Tuesday, October 23, 2007

The Relevance of Proofreading

During the years subsequent to the election of President Bush, Democrats and liberals have repeatedly ridiculed President Bush for his alleged verbal ineptitude.
In all fairness to his detractors, Bush has said some things which could have been expressed more intelligently. But not every president can be an Abraham Lincoln when it comes to literacy.

Lincoln was one of our most eloquent presidents, as the author of the book Lincoln's Sword has pointed out. Yet, Lincoln was mostly self-educated. Bush, on the other hand, graduated from Yale. Not just from an ordinary college, in other words, but a highly esteemed Ivy League university.

Could it be --- perish the thought --- that our institutions of higher learning are not always all they're cracked up to be? At the very least, it would be accurate to say that the acquisition of a degree from such a university is no guarantee that the person who has acquired such a degree will be a particularly skilled communicator, nor is the absence of such a degree an indication, necessarily, that one is an unintelligent or uneducated yahoo.

Just as the correlation between higher education and actual literacy is sometimes tenuous at best, the correlation between one's political affiliation and one's level of intelligence is equally tenuous, in spite of continued efforts on the part of Democrats and liberals to imply that people who would vote for Bush (or for any politically conservative candidate) must be stupid. It would be more accurate to state that both major parties have geniuses, ordinary people, and idiots on their membership lists.

Here in Chicago, we have a free newspaper called RedEye. It's published by the Chicago Tribune, and distributed free to commuters and others.

As a Republican who has repeatedly had to endure the caustic comments directed towards our current president, I was amused recently (on 10/19/2007) when I read the following comment in a column by RedEye columnist Jimmy Greenfield: 

"The alternative to not being relevant, to not having a say in your life and the world around you, is to be irrelevant, and that's a frightening concept." 

Earlier in the column, Greenfield had talked about how the presidency of President Bush had been allegedly a disaster. He ended the column by saying that readers should seek to live lives which were relevant, but most assuredly not in the way that Bush had been relevant.

Personally, I couldn't help but think that Greenfield's inability to proper proofread his own column might be relevant to the question of whether or not his criticisms of Bush had any credibility. So just in case you missed it, here's that quote again:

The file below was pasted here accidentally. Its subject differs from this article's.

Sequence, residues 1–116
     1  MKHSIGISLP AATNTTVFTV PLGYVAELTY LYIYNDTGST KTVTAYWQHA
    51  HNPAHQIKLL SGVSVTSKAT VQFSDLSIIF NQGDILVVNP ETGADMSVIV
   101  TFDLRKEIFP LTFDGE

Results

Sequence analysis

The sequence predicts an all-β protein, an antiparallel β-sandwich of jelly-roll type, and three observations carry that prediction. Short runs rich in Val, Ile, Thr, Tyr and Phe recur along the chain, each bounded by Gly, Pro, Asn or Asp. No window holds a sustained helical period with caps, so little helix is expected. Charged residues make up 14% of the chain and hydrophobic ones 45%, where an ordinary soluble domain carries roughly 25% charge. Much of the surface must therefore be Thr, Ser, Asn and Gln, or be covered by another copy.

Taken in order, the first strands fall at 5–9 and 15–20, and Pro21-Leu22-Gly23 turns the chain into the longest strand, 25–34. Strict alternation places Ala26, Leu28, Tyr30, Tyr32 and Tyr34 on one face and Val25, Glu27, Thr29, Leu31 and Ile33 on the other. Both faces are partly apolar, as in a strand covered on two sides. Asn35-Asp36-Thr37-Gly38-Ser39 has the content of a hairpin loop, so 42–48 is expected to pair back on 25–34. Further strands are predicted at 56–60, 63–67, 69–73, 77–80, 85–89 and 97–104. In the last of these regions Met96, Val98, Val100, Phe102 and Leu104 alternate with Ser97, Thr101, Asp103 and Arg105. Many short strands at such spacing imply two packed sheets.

"The alternative to not being relevant, to not having a say in your life and the world around you, is to be irrelevant, and that's a frightening concept."

The last time I checked, the word "irrelevant" meant "not relevant". So it's unclear to me why the only alternative to not being relevant is to be irrelevant. That is indeed a frightening concept! It's almost as frightening as the idea that an imbecilic self-described Bush-basher named Jimmy Greenfield might actually have enough clout to persuade other people to vote for a Democrat during the upcoming presidential election.

Given the fact that they have demonstrably failed to achieve linguistic perfection themselves, one might be justified in accusing Democrats such as Jimmy Greenfield of hypocrisy when they ridicule President Bush for his own failures in that department. But that would be a trivial matter, if that were the only instance in which they had been guilty of hypocrisy.

What is not so trivial is the way in which the Democratic party constantly prattles on about how it is the party of compassion, in spite of the fact that it has been anything but compassionate towards the millions of unborn children who have been deliberately killed in abortion clinics over the past 34 years as a result of public policies which have been promoted and defended by that same party. That, too, is hypocritical, and it is a deadly form of hypocrisy indeed.

Abraham Lincoln was indeed an eloquent man. But eloquence is only virtuous if it is employed in pursuit of virtuous objectives. It wasn't Lincoln's eloquence which made him one of America's greatest presidents. It was Lincoln's resolute determination to halt the spread of slavery, and his willingness to grow in his understanding until he came to a point in his life where he understood that ending slavery altogether was the only acceptable option available to him.

Having studied the issue carefully for the past several decades, I have long held the conviction that the abortion issue is very similar to the slavery issue in many respects. There are numerous uncanny parallels when it comes to the similarities between arguments which have been adduced in support of each practice. I don't have the time to engage in a detailed examination of those arguments in this blog post, but I would seriously urge you to look into the matter for yourself. In particular, I would encourage you to read the book Rachel Weeping by James Burtchaell, if you can find a copy of that book.

I would have preferred a president who was more eloquent than Bush, but I voted for him in spite of my awareness of his shortcomings, because he took a stand against the evils of legal abortion. 

Bush could have done much better as a president insofar as that issue was concerned, and it's certainly arguable that Bush handled the Iraq situation poorly as well. Looking back at his years in office, I would not rank him as one of America's greatest presidents. But the election of his opponents in 2000 and 2004 would have been a disaster for America and for the pro-life cause. So notwithstanding the fact that he has sometimes been the source of some amusing verbal gaffes, I am glad that I voted for him. Under similar circumstances, I would do so again.